In 1895, 11 golfers (ten pros and a lone amateur) descended upon Newport Golf Club on the coast of Rhode Island to compete in the two-day tournament that saw Horace Rawlins emerge as the winner of the inaugural edition of what was dubbed the “U.S. Open.”
That annual contest would eventually become one of the sport’s four “majors,” a quartet that officially formed after The Masters was first hosted at Augusta National in 1934 to complete the line-up of the prestigious events that also includes the PGA Championship and the British Open (which is officially known as “The Open”).
Part of the reason The Masters is considered a “tradition unlike any other” is because it’s always been held at the same golf course, which differentiates it from the trio of majors that see players make the trek to different tracts on a yearly basis in the quest for one of the game’s most sought-after prizes.
In 2023, the U.S. Open descended upon Los Angeles Country Club, which marks the first time the wildly exclusive establishment has allowed a major to be played on its hallowed grounds since opening all the way back in 1897.
As a result, this will be the first time a number of golf fans (as well as some of the golfers competing in the U.S. Open) will get a glance at the 18 holes tucked into the heart of Beverly Hills (as things currently stand, LACC is slated to welcome the tournament back when 2039 rolls around).
Given the caliber of talent on the PGA Tour, it’s safe to assume the golfers participating will be able to figure out how to navigate the comparatively untrodden ground—although it’s not a stretch to think they’d be a bit more comfortable at some of the other courses that have a lengthier relationship with the U.S. Open.
Which golf courses have hosted the U.S. Open the most times?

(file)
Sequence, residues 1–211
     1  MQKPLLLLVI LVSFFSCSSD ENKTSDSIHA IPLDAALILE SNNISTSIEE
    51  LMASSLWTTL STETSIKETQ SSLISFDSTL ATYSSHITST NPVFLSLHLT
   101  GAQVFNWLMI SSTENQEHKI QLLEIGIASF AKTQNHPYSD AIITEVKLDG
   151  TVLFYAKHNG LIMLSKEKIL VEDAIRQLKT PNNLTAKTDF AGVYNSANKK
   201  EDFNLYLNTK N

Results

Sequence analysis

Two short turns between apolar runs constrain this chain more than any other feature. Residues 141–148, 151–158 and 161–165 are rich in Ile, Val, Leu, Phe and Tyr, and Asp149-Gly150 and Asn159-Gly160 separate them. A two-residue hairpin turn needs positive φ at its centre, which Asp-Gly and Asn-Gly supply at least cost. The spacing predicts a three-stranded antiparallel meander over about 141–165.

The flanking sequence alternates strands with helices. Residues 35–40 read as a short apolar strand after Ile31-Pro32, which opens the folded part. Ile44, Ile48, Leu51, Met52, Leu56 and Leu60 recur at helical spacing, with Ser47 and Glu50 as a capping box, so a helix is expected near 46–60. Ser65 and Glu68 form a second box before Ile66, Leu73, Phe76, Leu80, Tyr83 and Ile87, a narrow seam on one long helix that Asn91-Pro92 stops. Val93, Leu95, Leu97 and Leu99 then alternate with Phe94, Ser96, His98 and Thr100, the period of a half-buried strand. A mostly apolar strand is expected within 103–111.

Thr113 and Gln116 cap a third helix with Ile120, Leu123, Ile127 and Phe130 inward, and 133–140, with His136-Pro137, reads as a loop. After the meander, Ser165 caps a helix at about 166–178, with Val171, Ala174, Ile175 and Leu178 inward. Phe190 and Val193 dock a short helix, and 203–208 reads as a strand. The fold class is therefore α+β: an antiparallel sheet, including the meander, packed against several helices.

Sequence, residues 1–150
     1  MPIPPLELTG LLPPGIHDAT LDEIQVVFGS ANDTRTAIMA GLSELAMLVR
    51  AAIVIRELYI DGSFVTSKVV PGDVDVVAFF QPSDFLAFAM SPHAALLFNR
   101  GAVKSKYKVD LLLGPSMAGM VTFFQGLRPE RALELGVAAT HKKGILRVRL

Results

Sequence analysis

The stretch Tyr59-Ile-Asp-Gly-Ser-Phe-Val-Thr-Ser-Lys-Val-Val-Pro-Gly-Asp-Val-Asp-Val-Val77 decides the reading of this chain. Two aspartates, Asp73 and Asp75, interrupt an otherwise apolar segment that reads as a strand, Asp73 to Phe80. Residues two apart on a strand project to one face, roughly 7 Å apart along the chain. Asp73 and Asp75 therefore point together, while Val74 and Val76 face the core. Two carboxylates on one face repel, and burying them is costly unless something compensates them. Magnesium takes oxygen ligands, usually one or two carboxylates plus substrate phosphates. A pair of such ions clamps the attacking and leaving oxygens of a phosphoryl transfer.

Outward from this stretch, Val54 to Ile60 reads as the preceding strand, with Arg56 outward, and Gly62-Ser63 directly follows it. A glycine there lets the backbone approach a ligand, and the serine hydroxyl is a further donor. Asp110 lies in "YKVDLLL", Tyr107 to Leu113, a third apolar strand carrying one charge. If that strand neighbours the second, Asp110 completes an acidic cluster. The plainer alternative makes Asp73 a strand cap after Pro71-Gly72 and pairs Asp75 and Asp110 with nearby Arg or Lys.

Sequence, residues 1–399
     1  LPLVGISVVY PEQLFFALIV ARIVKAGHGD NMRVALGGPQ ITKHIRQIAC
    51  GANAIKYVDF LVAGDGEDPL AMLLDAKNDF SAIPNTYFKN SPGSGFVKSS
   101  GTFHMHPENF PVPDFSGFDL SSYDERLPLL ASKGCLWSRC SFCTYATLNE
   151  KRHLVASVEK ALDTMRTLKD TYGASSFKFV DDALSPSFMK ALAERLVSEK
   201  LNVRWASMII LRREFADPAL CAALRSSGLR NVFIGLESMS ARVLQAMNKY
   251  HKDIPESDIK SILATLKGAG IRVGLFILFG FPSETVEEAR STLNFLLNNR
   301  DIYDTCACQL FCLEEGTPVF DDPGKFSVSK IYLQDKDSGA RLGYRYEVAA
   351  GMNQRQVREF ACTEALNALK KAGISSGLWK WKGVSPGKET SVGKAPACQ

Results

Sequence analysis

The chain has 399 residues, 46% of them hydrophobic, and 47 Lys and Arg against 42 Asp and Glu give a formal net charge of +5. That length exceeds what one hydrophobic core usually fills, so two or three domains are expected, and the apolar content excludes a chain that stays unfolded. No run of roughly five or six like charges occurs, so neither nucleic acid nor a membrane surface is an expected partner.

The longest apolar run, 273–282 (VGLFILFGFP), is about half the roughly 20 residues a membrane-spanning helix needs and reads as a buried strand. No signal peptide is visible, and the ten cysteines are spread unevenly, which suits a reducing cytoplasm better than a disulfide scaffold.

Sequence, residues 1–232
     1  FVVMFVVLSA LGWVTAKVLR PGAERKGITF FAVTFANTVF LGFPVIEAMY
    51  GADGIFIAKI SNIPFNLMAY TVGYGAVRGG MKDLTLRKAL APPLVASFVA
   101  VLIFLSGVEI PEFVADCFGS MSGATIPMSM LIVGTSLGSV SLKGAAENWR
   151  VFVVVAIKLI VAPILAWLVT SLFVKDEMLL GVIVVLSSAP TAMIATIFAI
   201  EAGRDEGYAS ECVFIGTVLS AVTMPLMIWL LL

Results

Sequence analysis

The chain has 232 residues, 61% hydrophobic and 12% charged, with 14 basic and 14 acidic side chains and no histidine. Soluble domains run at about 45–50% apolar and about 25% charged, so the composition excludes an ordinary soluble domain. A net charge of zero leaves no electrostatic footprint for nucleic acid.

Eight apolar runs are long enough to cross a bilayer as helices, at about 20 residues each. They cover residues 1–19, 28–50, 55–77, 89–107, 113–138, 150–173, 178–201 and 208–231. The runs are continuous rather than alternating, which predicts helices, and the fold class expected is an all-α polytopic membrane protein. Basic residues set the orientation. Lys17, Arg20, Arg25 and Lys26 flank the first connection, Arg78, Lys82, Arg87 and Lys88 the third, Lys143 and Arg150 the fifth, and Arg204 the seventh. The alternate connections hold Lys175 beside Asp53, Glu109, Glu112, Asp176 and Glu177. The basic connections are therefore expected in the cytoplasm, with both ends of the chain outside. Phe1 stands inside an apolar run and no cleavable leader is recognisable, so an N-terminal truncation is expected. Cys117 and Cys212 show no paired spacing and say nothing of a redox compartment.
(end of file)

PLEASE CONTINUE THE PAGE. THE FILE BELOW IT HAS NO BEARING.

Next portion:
Now that Los Angeles Country Club has gotten in on the action, a grand total of 54 courses have hosted the 123 iterations of the U.S. Open since it was first held in Newport (three of which are no longer in existence).
The event was primarily an East Coast affair for over the first few decades of its existence (although the tournament made a few stops in Chicago), but the USGA did begin to branch out a bit into the rest of the country in the wake of World War II (the West Coast was first welcomed into the fold when the U.S. Open headed to Riviera Country Club in 1948).
There are a number of iconic courses many golf fans associate with the U.S. Open, as legendary links like Pebble Beach (a six-time host), Winged Foot (also six), and Shinnecock (five) have been regulars in the rotation over its history.
However, no course has the bragging rights currently possessed by Oakmont Country Club in Pennsylvania, which has played host to the U.S. Open on nine different occasions since doing so for the first time in 1927.
Oakmont is already the holder of a few other U.S. Open records, as the course is home to the longest par-3 in the history of the tournament (the diabolical 300-yard 8th hole) in addition to its longest (684 yards) and shortest (474 yards) par-5s.
It’s also produced plenty of drama and historic moments over the years; Jack Nicklaus earned his first victory as a pro at Oakmont in 1962, Johnny Miller erased a six-stroke deficit in the final round to earn the trophy in 1973, and Angel Cabrera managed to emerge victorious in 2007 despite finishing a five over par thanks to the brutal conditions players were forced to grapple with.